Pride and Black Music: Honoring Black LGBTQ+ Music Artists

Written by Mil Safadi, Marketing and Communications Assistant/Intern 

The month of June represents a month commemorating both the LBGTQ+ community and honoring Black music. Both of these communities are so influential within our society and have impacted our entire culture, trends, fashion, technology, and so much more. On their own, these groups are powerful, but when they have intersected, we have gotten some of the most dominant and untouchable historical acts. Check our highlighted musicians below:

Tony Jackson (he/him)

Jelly Roll Morton, the legendary jazz pianist, best known for influencing the formation of modern-day jazz during the 1920s, had to learn from someone, right? Morton was very famously known to only praise himself… and one other person. That person would be his mentor, Tony Jackson. Tony Jackson was born in New Orleans in 1876. He was very well known within the city for his ragtime piano playing that reflected the saloon sounds that were popular at the time. He quickly became one of the city’s best entertainers. Jackson was well known for his ability to play literally anything from memory after only hearing it once.

“Tony’s memory seemed like something nobody’s ever heard of in the music world,” Morton said. “He was known as the man of a thousand songs. There was no tune that comes up from an opera or any show of any kind or anything written on paper that Tony couldn’t play. He had such a beautiful voice and a marvelous range.”

According to jazz historian Al Rose, Jackson was so popular that he may have influenced the sartorial style of saloon performers. This, in turn, would influence the entire genre of jazz itself. 

Jackson was openly gay during a time where most couldn’t dare to even think of the idea. He moved to Chicago during the turn of the century, possibly due to the more inclusive space that the city had compared to his hometown. Here, he published his song Pretty Baby, his closest taste of mainstream fame. Unfortunately, Jackson passed away before the era of recordings, so we will never be able to hear his music. But seeing as though Jelly Roll Morton was well influenced by Jackson, his musical stylings were kept alive. 

Billie Holiday (she/her)

Billie Holiday left a transcendent impact on jazz music. Throughout her career, she broke barriers. At the height of segregation, she was the first Black woman to work with an all-white orchestra. Holiday inspired artists and was admired by people all over the world for her talents. 

Born in Baltimore in 1915, Billie had a rough childhood. Her musician father left the family early on, and her teenage mother wasn’t able to keep her consistently, which resulted in Billie often being put in the care of relatives who abused her. After a chaotic early life working odd jobs, at age 17, she began informally singing at many nightclubs and was eventually discovered by a record producer named John Hammond.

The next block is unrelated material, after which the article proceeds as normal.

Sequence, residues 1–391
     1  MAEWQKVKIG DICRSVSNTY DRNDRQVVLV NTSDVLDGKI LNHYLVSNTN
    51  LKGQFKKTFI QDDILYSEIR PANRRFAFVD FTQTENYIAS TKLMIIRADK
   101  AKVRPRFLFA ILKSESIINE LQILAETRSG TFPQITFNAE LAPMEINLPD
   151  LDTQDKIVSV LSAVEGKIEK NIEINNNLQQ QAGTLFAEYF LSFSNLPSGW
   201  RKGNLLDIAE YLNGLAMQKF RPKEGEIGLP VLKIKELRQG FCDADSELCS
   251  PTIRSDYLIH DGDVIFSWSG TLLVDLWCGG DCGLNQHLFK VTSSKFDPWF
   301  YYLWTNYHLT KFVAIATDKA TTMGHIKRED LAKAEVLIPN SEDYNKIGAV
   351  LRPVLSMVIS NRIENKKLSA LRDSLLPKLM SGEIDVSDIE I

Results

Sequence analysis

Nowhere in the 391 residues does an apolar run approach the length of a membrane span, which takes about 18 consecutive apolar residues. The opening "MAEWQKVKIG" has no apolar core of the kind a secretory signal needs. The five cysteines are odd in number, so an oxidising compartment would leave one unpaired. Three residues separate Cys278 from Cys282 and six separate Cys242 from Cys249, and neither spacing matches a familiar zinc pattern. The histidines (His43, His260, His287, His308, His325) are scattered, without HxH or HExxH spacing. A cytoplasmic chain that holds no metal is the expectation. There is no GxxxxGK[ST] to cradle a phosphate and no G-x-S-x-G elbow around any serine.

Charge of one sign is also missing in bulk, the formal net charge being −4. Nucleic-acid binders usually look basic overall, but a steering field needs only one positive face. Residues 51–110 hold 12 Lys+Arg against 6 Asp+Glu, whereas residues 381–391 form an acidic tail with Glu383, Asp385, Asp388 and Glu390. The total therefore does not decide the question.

Holiday lived a very scandalous and eventful life. After a brief incarceration period in late 1947, she openly began to identify herself as bisexual. It is said she had an array of relationships with high-profile figures from Hollywood, but most notably, she is known for her relationship with Tallulah Bankhead, star of the big screen. Billie’s interactions with women are why she is heralded as a modern icon amongst openly LGBTQ+ musicians and artists even today. 

Big Freedia (she/her)

Big Freedia is the legendary, unforgettable Queen of bounce music. Hailing from the heart of New Orleans, Freedia started her music career playing piano and singing in the choir. Her influences include Patti LaBelle, Sylvester, and Salt-N-Pepper. In 1999, Freedia released her first single, An Ha, Oh Yeah, and began frequently performing in clubs in New Orleans. Freedia’s other iconic hits included Rock Around the Clock and Gin ‘N My System, which was later sampled by Lil Wayne on his mixtape. 

Freedia is sometimes described as an artist within the “sissy bounce” subgenre, though she has stated, “There’s no such thing as separating it into straight bounce and sissy bounce. It’s all bounce music.” The concept of dividing the genre because of its popularity within the LGBTQ+ community is not unheard of. Often being a product of lowkey homophobia, the ‘us vs. them mindset. 

After Hurricane Katrina hit NOLA in 2005, Freedia played six to ten shows a week at block parties, nightclubs, strip clubs, and other venues while the city tried to rebuild. According to the New York Times, “Freedia was one of the first artists to come back after the storm and start working, and she worked really, really hard. If you lived here, it became impossible not to know who she was.”

Big Freedia has been an influence on music as a whole. She has been featured on various TV shows and specials and has been featured on Drake’s hit Nice for What, and her voice was used to open Beyonce’s 2016 Formation World Tour. Her discography is rich, her influence is worldwide, and her voice will always be sampled. 

Sylvester (he/him)